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Chasing the Same Signals: How Black-Box Trading Influences Stock Markets from Wall Street to Shanghai by Brian R. Brown

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Chapter 9. The Ecology of the Marketplace

Whatever Happened to the Buy-and-Hold Investor?

The "ecology" of the financial markets is a term borrowed from biology to describe the relationships between investors and their environment. It is an appropriate analogy because just as ecologists study the impact of various species on their ecosystem, economists study the impact of investment strategies on the marketplace. There are many parallels between biological systems and the financial markets.

When Europeans brought rabbits to Australia in the 18th century, there were devastating effects on the ecosystem, leading to the extinction of many orchards and plant species. In a similar light, when the Australian Stock Exchange eliminated the dissemination of real-time market share information to its member firms in 2005, there were significant declines in market share for the local brokers, such as Macquarie Bank, because of the elimination of their information advantage on the foreign investors. Any subtle change in the market structure can have a profound impact on the population of the market participants.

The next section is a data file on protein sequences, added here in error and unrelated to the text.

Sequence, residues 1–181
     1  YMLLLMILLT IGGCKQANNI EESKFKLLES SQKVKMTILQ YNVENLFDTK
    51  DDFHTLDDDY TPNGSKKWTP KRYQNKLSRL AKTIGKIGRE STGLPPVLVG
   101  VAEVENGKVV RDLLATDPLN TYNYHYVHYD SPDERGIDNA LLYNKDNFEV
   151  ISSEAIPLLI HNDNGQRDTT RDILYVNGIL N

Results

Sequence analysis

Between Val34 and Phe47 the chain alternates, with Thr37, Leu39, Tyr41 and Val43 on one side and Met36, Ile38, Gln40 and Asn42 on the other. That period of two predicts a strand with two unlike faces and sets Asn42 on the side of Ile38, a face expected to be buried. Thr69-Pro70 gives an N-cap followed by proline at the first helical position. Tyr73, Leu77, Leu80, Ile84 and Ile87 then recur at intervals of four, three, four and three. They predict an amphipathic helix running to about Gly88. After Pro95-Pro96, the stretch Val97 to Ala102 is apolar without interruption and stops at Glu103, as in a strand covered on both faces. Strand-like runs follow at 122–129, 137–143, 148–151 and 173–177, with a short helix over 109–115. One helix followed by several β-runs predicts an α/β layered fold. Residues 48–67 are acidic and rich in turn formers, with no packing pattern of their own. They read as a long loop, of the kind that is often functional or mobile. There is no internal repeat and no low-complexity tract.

Economists believe that the financial markets will remain in a prolonged period of instability if there is not equilibrium by the participants. In an ecosystem, if one species of the population is too abundant, than the food supply will be scarce. Similarly, in finance, if there are too many investors employing the same strategy, then the profit margins will be thin. Instability is the ...

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